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    Argentina's senators debate a new tax law in the Argentine Congress in Buenos Aires, Argentina December 27, 2017. | Photo: Reuters

Published 30 December 2017

The report pushes for a “decrease in government spending” and an increase in privatization and consumer spending to “increase productivity."

The International Monetary Fund, IMF, has released its 2017 outlook and recommendations for the Argentine economy.

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The report pushes for a “decrease in government spending” and an increase in privatization and consumer spending to “increase productivity," decrease the national deficit and reduce the country’s 23 percent inflation rate.

Argentine President Mauricio Macri and his right-wing Cambiemos coalition in both the House of Deputies and Senate have already been working this past year to implement the IMF austerity measures far ahead of the official publication released yesterday.

In line with IMF recommendations, Argentine politicians voted last week to reduce the country’s corporate tax rate from 35 to 25 percent and increase the retirement age to 70 for both men and women, up from 60 for women and 65 for men. Last week’s legislation will also significantly reduce government investment in national pension and retirement plans as well as welfare spending for the poor. The votes prompted thousands of marchers to protests against the reforms in Buenos Aires.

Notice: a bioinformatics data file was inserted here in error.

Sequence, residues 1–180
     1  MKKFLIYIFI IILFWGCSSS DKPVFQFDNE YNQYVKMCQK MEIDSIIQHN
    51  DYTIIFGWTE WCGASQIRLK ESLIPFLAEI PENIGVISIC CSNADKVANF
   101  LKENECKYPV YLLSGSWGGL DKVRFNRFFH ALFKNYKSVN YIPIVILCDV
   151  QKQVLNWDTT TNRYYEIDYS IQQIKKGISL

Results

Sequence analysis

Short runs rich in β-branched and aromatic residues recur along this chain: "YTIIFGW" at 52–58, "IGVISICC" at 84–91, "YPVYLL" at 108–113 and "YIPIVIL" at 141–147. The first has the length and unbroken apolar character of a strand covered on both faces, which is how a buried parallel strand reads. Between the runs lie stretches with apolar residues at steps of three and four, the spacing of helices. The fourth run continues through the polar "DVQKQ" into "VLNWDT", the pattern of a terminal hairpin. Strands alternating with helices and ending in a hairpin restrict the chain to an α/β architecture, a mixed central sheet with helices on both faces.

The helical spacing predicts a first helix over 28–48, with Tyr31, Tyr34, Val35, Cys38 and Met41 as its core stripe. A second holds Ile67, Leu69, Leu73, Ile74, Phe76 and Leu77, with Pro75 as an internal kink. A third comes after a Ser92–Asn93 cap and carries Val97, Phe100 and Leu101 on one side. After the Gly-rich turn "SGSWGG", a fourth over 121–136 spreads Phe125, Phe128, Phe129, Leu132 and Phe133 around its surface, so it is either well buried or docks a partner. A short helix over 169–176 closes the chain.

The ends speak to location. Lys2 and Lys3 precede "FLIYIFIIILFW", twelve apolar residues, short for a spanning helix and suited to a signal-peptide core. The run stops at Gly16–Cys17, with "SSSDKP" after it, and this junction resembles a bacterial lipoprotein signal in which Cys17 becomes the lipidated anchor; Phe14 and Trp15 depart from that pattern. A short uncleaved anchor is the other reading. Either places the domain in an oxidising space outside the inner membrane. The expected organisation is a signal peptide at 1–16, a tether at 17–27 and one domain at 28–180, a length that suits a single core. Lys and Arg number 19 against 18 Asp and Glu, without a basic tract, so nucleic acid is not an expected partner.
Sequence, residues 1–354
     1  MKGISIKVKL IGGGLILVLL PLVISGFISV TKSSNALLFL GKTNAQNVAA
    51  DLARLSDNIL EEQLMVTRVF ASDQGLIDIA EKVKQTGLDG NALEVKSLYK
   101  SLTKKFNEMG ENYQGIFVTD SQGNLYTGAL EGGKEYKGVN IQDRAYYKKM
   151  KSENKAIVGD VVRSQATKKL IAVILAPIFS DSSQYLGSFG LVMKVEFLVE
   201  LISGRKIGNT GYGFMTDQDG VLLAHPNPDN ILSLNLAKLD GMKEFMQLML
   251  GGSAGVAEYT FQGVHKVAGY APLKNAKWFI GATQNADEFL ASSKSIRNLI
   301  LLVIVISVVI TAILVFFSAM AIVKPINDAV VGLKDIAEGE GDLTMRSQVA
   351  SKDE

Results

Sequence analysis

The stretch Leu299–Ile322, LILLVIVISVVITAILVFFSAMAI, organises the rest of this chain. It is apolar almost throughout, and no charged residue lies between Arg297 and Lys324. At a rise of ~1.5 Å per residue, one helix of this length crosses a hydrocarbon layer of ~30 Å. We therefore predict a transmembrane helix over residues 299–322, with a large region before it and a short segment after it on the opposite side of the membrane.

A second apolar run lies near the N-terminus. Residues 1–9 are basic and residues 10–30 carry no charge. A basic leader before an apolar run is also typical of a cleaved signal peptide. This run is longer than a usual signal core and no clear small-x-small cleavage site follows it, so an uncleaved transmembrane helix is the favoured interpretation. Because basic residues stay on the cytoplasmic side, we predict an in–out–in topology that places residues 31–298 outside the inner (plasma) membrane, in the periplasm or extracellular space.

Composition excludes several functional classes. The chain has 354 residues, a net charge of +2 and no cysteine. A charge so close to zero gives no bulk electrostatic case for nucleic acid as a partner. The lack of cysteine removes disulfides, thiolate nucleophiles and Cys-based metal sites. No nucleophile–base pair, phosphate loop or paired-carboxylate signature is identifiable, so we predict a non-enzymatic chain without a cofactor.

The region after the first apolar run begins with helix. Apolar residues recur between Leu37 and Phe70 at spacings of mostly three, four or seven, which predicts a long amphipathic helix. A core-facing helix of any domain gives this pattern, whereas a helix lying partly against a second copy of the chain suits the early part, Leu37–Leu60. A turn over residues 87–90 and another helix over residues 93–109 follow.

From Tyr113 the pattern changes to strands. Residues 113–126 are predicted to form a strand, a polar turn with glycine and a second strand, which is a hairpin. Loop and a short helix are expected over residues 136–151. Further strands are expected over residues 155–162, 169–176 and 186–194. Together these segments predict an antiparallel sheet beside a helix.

The IMF report calls for “reducing public employment ... based on hiring freezes over the next two years” to reduce spending by one percent by 2019. In step with the international organization's recommendations, the administration did not renew some 15,000 government contract jobs this week and pledged to slash more in the coming year, prompting the State Workers’ Association, or ATE, to announce a national strike for next week, Jan. 4.

 

 

Since Macri took office in Dec. 2015, his administration has cut approximately 108,000 public jobs.

The government was ahead of IMF recommendations to “reduce energy subsidies” for the Argentine population, significantly reducing energy and gas subsidies resulting in a 500 percent price increase for electricity and a 300 percent jump for natural gas in some areas over the past year. Argentine gas prices rose by 29.5 percent in some parts of the country in 2017.

The IMF also calls for drastic labor law reforms “lowering ... severance payments ... and simplifying collective dismissal procedures.” For several months, Macri has been threatening to pass legislation to reduce union collective bargaining power, among other provisions.

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Argentina: 66,000 Jobs Lost in Industrial Sector Since Mauricio Macri Took Office

The IMF made its second visit to Argentina in October, after an initial stop there in 2016. Former President Nestor Kirchner expelled the IMF from Argentina in 2004, alleging that the IMF's statistical systems were questionable and relied too heavily on international financial markets to make its recommendations.

The IMF consists of 189 member countries and claims to “foster global monetary cooperation, secure financial stability, facilitate international trade, promote high employment and sustainable economic growth and reduce poverty around the world.”

Over the past three decades, critics of the IMF have said that the organization targets developing nations and convinces governments to apply draconian economic policies that have too many conditions attached, disrupt national sovereignty and only provide “one-size-fits-all” solutions.


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